To avoid fines, stay off cell phone while driving | Officer Victor Masters

  • Friday, July 21, 2017 4:25pm
  • Opinion

Officer Victor Masters

You would be amazed how many times a Tukwila Police officer in a fully-marked patrol car can pull alongside someone texting who does not notice them for an extended period because of to their level of distraction.

Now just imagine what else they did not notice in those 20 plus-seconds they were using their cell phone and the distance their vehicle traveled in that amount of time. They did not notice a person crossing the street. The car that stopped abruptly in front of them. The stop sign. The curve in the road and countless other things.

While you are stuck in traffic this week, take a second to look at the drivers around you. Chances are that you will see many of them texting and or operating their cell phones in one way or another. You will see cars rapidly jerking to a stop as drivers look up from their phones just barely in time to avoid a rear-end collision. You may even see or hear the result of a collision caused by someone who was on their phone and not paying attention. These frequent collisions are very avoidable simply by not being distracted.

On July 23, a new law, the Driving Under the Influence of Electronics Act, takes effect.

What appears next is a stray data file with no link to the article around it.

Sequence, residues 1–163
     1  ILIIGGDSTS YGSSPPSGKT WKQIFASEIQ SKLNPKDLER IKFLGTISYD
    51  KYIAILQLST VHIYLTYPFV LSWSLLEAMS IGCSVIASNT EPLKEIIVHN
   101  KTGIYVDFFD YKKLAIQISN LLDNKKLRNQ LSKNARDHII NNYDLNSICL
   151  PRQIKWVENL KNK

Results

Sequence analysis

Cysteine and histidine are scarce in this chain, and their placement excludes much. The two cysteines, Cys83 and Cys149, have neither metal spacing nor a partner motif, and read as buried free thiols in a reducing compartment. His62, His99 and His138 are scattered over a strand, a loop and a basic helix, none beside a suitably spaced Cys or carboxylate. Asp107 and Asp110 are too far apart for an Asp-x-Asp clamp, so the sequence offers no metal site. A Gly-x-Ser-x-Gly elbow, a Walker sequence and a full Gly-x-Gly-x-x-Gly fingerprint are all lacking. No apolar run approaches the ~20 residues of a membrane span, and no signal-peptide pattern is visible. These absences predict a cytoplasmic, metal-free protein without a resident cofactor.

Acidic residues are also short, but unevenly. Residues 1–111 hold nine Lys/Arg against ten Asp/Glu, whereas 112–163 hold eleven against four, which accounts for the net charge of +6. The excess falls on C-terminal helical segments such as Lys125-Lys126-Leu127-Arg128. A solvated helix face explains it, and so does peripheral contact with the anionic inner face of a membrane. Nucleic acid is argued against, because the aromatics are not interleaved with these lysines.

Prior to the new bill, holding a cellular device to your ear and or texting was illegal. This left many loopholes in the law such as using your phone for social media, watching Netflix or YouTube videos or holding the phone while using the speakerphone function.

The new bill closes those loopholes by prohibiting holding a cellular device in either hand. It also makes it illegal to use a hand or finger to compose, send, read, browse, transmit, save or retrieve email, text messages, instant messages, photographs or other electronic data and or watching videos.

However, “the minimal use of a finger” to activate, deactivate or initiate a function of a personal electronic device while driving will still be allowed.

This includes ending a call or powering your phone on or off. Using a cellular device in an emergency situation, such as calling 911, also is allowed.

So what are the consequences if you choose to ignore the law and use your cell phone while driving? The first violation results in a $136 citation. Cell phone violations are also now reportable to insurance companies, which can result in a premium increase. Second violations increase to a $235 citation.

Cell phone citations and insurance premiums increases are as easily avoidable as distracted driving collisions. Simply stay off your phone while driving, and pay attention to the road and your surroundings.

Officer Victor Masters is the public information officer for the Tukwila Police Department.

Tukwila Police responded to a single-vehicle accident in March in the 14700 block of Macadam Road South. The driver of the vehicle above admitted to texting just before the crash. She didn’t see the curve in the road because she was texting and drove straight into a ditch. Police said she was lucky to walk away uninjured and to have not injured anyone else. COURTESY PHOTO, Tukwila Police Department


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